The following headers can be used to filter email messages. A typical use case would be to create transport rules to disposition the messages based on the criteria. Headers will trigger an in message warning as well as the headers for filtering.

An example if the domainimp flag is present, route the email to an admin quarantine and alert the admin to review and release if safe. 

X-PhishProtection-Warning: external_sender

Triggered when an email comes from an external domain. This is probably the simplest example and adds to the existing functionality of services like Office 365. The message is not only tagged as external, but the sending domains are incorporated into the warning displayed to the end user:

X-PhishProtection-Warning: senderspoof
X-PhishProtection-Warning: senderimp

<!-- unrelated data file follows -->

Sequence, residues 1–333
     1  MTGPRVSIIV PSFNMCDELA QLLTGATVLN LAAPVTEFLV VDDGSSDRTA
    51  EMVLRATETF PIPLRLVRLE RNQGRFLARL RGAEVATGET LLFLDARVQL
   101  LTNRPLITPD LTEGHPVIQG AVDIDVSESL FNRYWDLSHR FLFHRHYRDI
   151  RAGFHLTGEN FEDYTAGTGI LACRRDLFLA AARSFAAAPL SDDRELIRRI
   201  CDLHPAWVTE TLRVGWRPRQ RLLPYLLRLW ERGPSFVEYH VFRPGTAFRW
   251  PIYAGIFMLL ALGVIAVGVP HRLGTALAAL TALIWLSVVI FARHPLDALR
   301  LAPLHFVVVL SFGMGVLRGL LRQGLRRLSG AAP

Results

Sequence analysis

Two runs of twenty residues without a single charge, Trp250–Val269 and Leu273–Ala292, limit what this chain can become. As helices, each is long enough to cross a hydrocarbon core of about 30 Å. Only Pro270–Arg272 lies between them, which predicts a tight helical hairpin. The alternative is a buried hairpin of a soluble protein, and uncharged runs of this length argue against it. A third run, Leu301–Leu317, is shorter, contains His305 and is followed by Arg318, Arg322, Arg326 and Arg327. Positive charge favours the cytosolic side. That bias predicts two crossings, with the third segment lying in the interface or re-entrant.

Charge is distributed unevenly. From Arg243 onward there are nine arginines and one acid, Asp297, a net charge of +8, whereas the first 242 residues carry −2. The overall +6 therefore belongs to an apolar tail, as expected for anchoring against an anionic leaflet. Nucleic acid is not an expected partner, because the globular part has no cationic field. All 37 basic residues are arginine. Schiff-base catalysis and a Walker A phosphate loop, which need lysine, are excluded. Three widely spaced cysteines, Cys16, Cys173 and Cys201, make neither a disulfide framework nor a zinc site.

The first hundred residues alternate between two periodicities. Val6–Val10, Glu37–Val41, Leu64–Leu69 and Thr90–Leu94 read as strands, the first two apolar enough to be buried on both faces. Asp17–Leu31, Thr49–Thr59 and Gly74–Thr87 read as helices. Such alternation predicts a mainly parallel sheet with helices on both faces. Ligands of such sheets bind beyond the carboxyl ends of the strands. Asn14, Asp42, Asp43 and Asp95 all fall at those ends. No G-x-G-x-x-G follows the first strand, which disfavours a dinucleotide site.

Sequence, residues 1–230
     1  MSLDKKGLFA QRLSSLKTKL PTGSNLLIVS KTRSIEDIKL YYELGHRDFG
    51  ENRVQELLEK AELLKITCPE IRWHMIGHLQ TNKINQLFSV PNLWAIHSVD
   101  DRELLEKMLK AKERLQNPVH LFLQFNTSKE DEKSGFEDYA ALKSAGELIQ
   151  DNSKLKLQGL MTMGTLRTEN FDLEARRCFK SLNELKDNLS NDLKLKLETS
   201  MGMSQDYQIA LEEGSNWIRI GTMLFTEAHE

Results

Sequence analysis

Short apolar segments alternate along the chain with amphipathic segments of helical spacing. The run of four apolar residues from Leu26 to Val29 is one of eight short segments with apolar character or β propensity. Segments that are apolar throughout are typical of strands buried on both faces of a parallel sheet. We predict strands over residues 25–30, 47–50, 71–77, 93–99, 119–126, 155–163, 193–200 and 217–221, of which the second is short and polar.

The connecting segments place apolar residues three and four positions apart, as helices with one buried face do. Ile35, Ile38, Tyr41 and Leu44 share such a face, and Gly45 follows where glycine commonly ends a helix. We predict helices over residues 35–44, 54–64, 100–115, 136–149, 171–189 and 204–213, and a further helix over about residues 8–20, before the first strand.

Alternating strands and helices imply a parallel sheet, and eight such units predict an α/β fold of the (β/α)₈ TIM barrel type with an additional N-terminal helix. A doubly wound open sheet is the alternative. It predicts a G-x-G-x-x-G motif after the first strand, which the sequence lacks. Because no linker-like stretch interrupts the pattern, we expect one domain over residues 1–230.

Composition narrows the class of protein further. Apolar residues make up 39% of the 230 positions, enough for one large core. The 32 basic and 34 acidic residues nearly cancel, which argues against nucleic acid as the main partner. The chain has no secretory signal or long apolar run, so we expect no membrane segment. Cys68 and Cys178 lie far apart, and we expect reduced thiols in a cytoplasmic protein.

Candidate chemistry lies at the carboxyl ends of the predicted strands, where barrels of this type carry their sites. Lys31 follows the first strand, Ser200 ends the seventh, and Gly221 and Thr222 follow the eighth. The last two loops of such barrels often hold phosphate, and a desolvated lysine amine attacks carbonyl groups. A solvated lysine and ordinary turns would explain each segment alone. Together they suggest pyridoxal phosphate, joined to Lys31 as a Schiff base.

Triggered when an email is trying to impersonate the Friendly From: with a name of a user in the organization. 

X-PhishProtection-Warning: spf_soft_fail 

Triggered is an email from a server that the sender's IP is not listed in the SPF record for the sending domain. It could be a misconfiguration or a spoofing attempt.

X-PhishProtection-Warning: spf_soft_fail_self

Triggered is an email from a server that is not listed in your domains SPF record and your SPF record is set to ~all rather than -all. This means that you are receiving emails from your own domain, from a set of servers not explicitly permitted by your SPF policy. This may be spoofing, but because of the SPF policy we are not rejecting the email. 

X-PhishProtection-Warning: domainimp

Triggered when an email is sent from a domain that closely matches your own internal domain. This is flagged as red, as it is more than likely a phishing attempt. This rule may trigger (but can be whitelisted) if you have multiple legitimate top level domains that are on different extensions, like .com and .net.